LinkedIn is about finding people for projects or collaboration, and helping your connections do the same. LinkedIn makes your network more efficient, letting you keep in touch with the people you know and find the people you don't, but who are only a step away.
The comments on Joi's post, including my own, uncover a certain level of confusion people are having with the site that, I think, lies in the site's trademark: "Your network is bigger than you think™".
LinkedIn works around those lines (and the padawan draws this from his own fresh experience of self registration at the site, which does not allow him to do much at this point):
- You describe your professional self (what you do, your expertise, your goals and interests). The important point seems that this will categorize you to, I'm only guessing here, facilitate searches among the networks.
- You invite people you know to your network. The people you have invited are your connections.
- Once your network is not empty (and only then) you can perform searches and queries through your close connections.
The key point here is clearly not to help you discover new people directly (someone calls that trolling). A member can send you a request but (from the FAQ) "that request must pass through a chain of linked members, any of whom can decline to forward that request if they think it is not a good one. The last person to forward that request will be a friend or colleague (your connection)."
While I certainly see how this can help existing networks of professionals in some way, this approach suspiciously looks like an online and geeky version of the traditional, invitation only, private English club. I am no one to criticize that, nor is my intention to, but I still have to see how this translates to the promise that my network is bigger than I think through a process that is (again at a first glance) simply unnatural to me.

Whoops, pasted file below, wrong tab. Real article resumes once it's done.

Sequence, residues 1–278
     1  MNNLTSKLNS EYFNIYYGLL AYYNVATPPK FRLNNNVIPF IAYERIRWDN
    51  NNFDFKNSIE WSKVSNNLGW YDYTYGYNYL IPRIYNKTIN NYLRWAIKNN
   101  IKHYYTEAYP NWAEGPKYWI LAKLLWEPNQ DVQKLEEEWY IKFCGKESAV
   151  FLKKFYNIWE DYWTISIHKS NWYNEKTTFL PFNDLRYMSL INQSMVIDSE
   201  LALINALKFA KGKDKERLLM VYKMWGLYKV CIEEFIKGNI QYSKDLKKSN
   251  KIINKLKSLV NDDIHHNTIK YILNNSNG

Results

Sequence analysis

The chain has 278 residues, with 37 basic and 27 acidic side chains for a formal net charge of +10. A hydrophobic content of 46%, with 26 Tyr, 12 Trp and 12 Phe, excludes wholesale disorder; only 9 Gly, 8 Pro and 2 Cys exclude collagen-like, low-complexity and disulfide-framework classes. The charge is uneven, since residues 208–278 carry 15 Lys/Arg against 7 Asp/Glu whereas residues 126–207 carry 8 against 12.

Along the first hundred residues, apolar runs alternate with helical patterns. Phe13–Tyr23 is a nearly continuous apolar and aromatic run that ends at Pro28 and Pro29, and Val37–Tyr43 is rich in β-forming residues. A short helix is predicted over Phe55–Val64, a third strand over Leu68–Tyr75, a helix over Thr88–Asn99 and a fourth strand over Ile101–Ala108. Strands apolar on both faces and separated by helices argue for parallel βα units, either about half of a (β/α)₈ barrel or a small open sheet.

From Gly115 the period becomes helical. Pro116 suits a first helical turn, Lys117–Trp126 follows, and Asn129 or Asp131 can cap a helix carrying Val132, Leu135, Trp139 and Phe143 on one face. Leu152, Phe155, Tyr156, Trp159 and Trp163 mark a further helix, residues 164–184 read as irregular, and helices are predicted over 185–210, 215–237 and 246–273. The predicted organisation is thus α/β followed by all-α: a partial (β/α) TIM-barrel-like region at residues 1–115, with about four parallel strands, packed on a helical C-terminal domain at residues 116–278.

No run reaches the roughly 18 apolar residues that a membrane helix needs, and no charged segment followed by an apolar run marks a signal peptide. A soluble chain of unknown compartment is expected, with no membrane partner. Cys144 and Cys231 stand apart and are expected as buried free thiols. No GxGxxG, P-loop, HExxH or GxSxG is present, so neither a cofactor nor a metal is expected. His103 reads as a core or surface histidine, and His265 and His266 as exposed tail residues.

A key aspect of networking, to me, is the discovery. I am a public person in my company in the sense that I get contacted by all sorts of people who know me while I don't know them, with no entry barrier (no one or nothing will prevent you to email or phone me directly). The LinkedIn service is certainly useful but not meant to help you get discovered by an established network.
Adam Greenfield makes a point about "semantic-Web standard for friendship, affinity, reputation" and a constructive build on how a different approach could better "catalyze huge changes in the way we socialize, connect, associate and construct our lives."
That said, I would love to be invited to the party, so if you're within an established LinkedIn network that needs an Internet guru, webmonkey or chaos manager, please feel free to invite the padawan!